The S&P 500 Morphs Into A Mid-Cap Value ETF

|
About: Reverse Cap Weighted U.S. Large Cap ETF (RVRS), Includes: RSP, SPY
by: George Fisher
Summary

Different weightings of the same stocks produce very different results.

The S&P 500 components can be fashioned into a Large-Cap Blend portfolio, a Multi-Cap Blend portfolio, or a Mid-Cap Value portfolio, based on how assets are assembled.

Not surprisingly, the sponsor of a new S&P 500 Index portfolio claims outperformance based on 10-yr back-testing.

Just when you thought it was safe to go back in the water, here comes reverse weighting ETFs. One reason many investors own an ETF is their ability to create a diversified, but quite focused, investment portfolio. These portfolios can be restricted to certain sectors and industries, to specific investment strategies, or to specific indexes. Some ETFs incorporate sectors, indexes and strategies. With an ever expanding thrust for "passive" investing options with a flair for a bit of "active" management, portfolio weighted options for index investors offer an intriguing twist on the old favorite - the S&P 500.

The S&P 500 Index is a list of the top 500 companies in the US. Determined by the S&P Dow Jones Indices firm, the index creates portfolio diversity among its unique weighting methodology. It is one of the most commonly followed equity indices and captures approximately 80% coverage of available market capitalization.

Originally identified as the Composite Index in 1923, since its development in 1957, the 500 Index is selected by committee, not a usually rules-based selection process like the various Russell Indexes. The Index is also known for its market-capitalization weighting. Prior to ETFs, mutual fund companies began offering funds focused on the Index, with Vanguard initiating the trend in 1976. The most popular ETF recreating the market-cap portfolio is the SPDR S&P 500 Index ETF (NYSEARCA:SPY), formed in 1993. SPY is the granddaddy of Index ETFs with current assets under management of $291 billion.

As "the market index," the investment goal of buying SPY would be to match market returns through a diversified holding of its components as a replication of the Index. Makes sense. SPY is normally categorized as a Large-Cap Blend investment style where the majority of assets are large caps and represent a combination of value and growth fundamentals. But what if an investor is seeking "above market" returns using the same stocks?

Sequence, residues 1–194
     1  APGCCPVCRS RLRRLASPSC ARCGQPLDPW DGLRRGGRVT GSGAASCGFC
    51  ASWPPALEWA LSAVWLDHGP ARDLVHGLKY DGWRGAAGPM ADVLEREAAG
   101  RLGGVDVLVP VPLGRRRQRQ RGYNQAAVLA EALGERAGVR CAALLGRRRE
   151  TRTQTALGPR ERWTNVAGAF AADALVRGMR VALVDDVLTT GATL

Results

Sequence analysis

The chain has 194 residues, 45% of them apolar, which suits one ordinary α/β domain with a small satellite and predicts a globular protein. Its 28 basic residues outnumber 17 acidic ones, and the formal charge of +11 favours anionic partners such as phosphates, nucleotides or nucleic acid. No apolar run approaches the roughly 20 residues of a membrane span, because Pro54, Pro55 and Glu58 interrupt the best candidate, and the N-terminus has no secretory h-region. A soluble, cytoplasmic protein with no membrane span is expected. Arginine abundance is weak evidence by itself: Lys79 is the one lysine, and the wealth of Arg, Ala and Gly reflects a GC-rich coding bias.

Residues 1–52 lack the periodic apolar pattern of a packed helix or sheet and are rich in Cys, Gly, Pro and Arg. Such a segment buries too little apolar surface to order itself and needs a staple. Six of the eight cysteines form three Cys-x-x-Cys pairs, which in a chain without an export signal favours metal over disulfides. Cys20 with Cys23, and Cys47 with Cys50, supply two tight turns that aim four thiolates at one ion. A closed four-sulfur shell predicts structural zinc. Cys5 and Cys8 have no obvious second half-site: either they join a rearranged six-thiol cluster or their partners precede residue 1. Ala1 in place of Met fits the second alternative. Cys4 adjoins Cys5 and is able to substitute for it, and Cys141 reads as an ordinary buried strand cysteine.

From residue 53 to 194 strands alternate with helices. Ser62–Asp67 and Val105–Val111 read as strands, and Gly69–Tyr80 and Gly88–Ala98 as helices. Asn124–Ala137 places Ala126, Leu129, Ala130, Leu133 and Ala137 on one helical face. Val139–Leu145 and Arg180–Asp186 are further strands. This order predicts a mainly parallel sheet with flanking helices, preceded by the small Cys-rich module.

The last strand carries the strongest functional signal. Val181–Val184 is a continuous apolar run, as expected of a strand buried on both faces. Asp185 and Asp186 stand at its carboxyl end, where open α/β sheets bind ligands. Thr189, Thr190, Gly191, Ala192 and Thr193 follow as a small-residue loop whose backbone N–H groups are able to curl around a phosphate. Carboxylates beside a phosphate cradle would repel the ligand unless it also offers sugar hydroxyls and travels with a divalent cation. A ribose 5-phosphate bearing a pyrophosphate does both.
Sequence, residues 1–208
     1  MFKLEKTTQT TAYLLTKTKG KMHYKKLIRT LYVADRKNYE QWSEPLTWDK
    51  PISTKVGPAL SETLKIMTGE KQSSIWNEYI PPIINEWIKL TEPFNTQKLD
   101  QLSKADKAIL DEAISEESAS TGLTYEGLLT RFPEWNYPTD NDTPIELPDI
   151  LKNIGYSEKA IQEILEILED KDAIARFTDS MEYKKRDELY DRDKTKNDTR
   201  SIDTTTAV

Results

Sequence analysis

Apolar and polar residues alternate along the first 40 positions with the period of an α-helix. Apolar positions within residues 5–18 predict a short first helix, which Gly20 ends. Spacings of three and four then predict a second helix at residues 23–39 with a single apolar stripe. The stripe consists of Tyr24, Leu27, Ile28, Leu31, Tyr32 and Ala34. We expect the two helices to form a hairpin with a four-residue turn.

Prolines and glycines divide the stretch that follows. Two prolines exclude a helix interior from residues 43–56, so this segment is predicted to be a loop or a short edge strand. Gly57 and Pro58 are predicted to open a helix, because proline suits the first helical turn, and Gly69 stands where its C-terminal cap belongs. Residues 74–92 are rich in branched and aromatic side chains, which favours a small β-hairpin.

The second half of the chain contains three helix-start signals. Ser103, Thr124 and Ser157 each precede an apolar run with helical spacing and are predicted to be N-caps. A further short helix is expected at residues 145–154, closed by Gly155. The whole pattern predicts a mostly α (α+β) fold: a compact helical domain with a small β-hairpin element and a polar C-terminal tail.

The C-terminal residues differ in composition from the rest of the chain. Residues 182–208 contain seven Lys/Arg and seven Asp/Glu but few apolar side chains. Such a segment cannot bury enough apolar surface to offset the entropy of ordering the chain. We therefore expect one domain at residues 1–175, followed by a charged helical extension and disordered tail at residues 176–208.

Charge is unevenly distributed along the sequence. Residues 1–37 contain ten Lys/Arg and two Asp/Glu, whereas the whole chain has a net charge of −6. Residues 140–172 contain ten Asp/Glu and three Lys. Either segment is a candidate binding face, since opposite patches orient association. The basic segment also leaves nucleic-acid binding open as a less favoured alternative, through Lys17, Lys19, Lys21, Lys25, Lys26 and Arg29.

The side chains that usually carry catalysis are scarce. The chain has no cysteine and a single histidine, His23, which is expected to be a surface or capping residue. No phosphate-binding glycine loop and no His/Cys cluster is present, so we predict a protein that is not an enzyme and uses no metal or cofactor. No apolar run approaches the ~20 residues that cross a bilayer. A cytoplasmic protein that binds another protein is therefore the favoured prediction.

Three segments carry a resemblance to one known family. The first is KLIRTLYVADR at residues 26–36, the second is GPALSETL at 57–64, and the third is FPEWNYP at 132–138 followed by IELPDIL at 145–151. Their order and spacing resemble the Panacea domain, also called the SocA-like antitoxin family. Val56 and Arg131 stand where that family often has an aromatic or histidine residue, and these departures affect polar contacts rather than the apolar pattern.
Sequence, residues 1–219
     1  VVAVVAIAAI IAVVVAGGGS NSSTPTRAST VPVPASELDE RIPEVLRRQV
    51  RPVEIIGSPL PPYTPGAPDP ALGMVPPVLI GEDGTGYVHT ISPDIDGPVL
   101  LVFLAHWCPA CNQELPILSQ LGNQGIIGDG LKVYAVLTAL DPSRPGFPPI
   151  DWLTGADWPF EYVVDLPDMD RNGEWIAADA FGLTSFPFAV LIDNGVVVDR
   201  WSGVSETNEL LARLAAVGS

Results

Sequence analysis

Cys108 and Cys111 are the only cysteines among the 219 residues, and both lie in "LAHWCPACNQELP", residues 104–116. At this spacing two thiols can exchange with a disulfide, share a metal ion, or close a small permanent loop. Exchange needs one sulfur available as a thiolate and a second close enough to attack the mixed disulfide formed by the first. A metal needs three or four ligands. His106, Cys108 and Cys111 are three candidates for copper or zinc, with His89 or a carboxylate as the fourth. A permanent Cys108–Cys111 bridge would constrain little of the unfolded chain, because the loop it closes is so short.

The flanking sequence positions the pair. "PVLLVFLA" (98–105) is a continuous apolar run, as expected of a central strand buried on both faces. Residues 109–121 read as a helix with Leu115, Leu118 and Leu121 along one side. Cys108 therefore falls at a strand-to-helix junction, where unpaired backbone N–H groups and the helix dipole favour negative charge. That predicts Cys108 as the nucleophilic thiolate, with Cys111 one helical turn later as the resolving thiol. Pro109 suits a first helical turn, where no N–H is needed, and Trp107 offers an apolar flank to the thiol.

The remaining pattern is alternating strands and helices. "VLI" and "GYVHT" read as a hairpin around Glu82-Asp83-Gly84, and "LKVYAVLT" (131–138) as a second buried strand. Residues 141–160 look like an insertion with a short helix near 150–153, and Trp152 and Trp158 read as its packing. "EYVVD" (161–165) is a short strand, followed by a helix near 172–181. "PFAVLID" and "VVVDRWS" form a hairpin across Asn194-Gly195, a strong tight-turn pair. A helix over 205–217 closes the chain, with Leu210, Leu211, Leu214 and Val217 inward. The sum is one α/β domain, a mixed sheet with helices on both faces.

A strong attribute of the components of the S&P 500 Index is the list includes most of the top US companies - top in revenues, top in profits, top in their sector, etc. Using the same list of stocks as an initial screen, there have been some shuffling of each component's weighting to create different portfolios. One of my personal favorite is the broad-based equal-weighted S&P 500 ETF (NYSEARCA:RSP).

RSP uses the list of S&P stocks and owns all 500 stocks equally. Rather than the historic market capitalization weighted SPY, RSP rebalances quarterly, selling the quarterly winners and buying the quarterly laggards so that after rebalancing all components have the same investment value. Due to its more balanced capitalization portfolio across the list, RSP is usually grouped as either a Large-Cap Blend or a Multi-Cap Blend style.

Over the past 11 years, equal-weighted and rebalanced RSP has outperformed its market-weighted cousin SPY. The chart below shows the price-only returns for RSP vs. SPY from 5/1/2007 to 5/4/2018.

Morningstar offers the following comparison of trailing total returns for RSP vs. SPY:

Some could say it is only a 0.80% 10-yr annual outperformance. However, over that same 10 years, the total would represent 8.0% more money for the same dollar invested in SPY 10 years ago, and 17% more than the Large Blend mutual fund category average. During the last 15 years, an investment in RSP would have produced 22% more wealth than a comparable investment in SPY and 31% more than the category average. For the 3-yr and 5-yr trailing periods, RSP's performance has been below SPY and about average for the category.

The sector weightings of SPY jump around based on current sector popularity and performance. The table below outlines the sector weightings of the S&P 500 over time. As shown, at the beginning of 2000, technology comprised 31% of the weighting, and three years later it crumbled to 17% weighting. The same happened to financials from 2006 to 2009, falling from 22% to 12%. Note: In 2016, the S&P separated Finance and Real Estate sectors, and for comparison, these sectors were reunited in the table. In addition, the consumer sectors were combined as well.

A substantial difference between SPY and RSP is their respective sector weightings. While RSP is equal-weighted based on individual components, due to different numbers of companies per sector, the overall sector weighting is different than SPY, as outlined in the table below:

Just when investors thought the number of different configurations for the components of the S&P 500 Index were maxed out, enter the Reverse-Weighted Large Cap S&P 500 Index ETF (BATS:RVRS). Last Nov., Exponential ETFs introduced a novel strategy - owning the components of the Index in a weighting that is about reverse of the traditional index weighting. In other words, the top ten holdings of the cap-weighted Index become the bottom 10 holding in the reverse-weighted and vice versa.

From the factsheets offered on the ETF's website and eftdb.com: